The world appears to be running out of chocolate, as consumption is now rapidly outpacing current production levels. Citing increased consumption in Asia, Bloomberg reported in 2013 a growing imbalance between supply and demand that would persist until at least 2018. Then in October 2014, leading chocolate manufacturers Mars, Inc. and Barry Callebaut made a similar prediction. So it may seem strange to believe, but chocolate could one day be priced at luxury commodity levels unless production levels manage to ramp up.
- Production Woes: Africa's Ivory Coast and Ghana are the largest global producers of cocoa, the essential ingredient for chocolate, and account for 70% of world cocoa production. In recent years, plantations in these countries have endured unfavorable weather conditions, aging trees whose outputs are limited (while new plantings take up to three years to be productive) and fungal diseases and pest attacks on cocoa crops. Geopolitical pressures have forced some producers to sell their crops at forcibly low prices, which is driving a shift to crops like corn and rubber. Indonesia, the third-largest cocoa producer globally, faces similar issues. Given that these conditions should persist in the near term, global cocoa production growth could be flat to modest in the next few years, and nowhere near enough to match consumption growth. (See related: Information and Advice on Cocoa.)
- Consumption Growth: At the same time, chocolate consumption in Asian countries has increased twofold over the past decade. Essentially, a large percentage of the world's population is starting to discover the joys of having chocolate as a dessert, with chocolate supplanting traditional types of delicacies in India and China.
- Need for More Variety: Asian countries still "only consume per capita about 5% of what the average Western European eats," as the Washington Post notes. Meanwhile, in the West, food producers keep adding more chocolate to breakfast cereals, cookies and even potato chips. There's also a growing appetite for dark chocolate, given its wildly-touted alleged health benefits. The problem is that dark chocolate needs much more cocoa beans to produce than does standard chocolate, which puts a further strain on production.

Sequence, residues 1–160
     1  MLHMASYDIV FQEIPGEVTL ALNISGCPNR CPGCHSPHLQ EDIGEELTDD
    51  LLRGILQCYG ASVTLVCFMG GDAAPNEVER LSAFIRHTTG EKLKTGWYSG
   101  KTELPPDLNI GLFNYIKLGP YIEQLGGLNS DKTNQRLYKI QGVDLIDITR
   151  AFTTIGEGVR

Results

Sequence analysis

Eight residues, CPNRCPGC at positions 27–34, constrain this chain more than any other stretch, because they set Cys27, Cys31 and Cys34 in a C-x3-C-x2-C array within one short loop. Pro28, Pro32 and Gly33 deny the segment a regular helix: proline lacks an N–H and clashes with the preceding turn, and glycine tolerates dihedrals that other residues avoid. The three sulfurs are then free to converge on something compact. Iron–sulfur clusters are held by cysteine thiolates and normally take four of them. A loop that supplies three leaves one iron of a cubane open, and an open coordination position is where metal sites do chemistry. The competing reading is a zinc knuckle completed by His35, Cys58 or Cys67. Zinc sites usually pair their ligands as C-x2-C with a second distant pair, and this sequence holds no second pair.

Cocoa prices rose 24% last year and are up around 60% since 2012, reflecting the above conditions. (Graph courtesy: TradingEconomics.com.) Despite these price hikes, there's still an insatiable consumer demand for chocolate. Mars and Barry Callebaut now predict the chocolate deficit could increase to one million metric tons by 2020 and two million metric tons by 2030.
Any slack in Western demand has been taken up by the booming appetite for chocolate in relatively new markets. Chocolate companies also are using tricks like reducing their chocolate bar/pack sizes while keeping prices the same. (See related: What Drives The Price Of Chocolate?)
That said, the situation isn't entirely bleak. Producers are working to develop stronger breeds of cocoa that will be more resistant to fungal diseases, pest attacks and poor weather conditions. These new breeds also may move more quickly from the sapling to the production stage, thus shortening the typical three-year window. Though earlier attempts in Indonesia have failed miserably, other countries have had better luck with experimenting, particularly in Costa Rica. The fear is that while these modified crops may finally address production quantity issues, it will come at the cost of a drastic decline in chocolate quality.
The Bottom Line
Given skyrocketing consumption and sinking production, expect chocolate to become more and more costly in the near term. Even if there are successful ventures to create new variants of cocoa, the results of these experiments could yield less than expected. Brace yourself for higher costs and possibly less variety at the supermarket. On the brighter side, it could be an ideal time to invest in cocoa and chocolate producers. (Further reading: The Perfect Investment For Chocolate-Lovers.)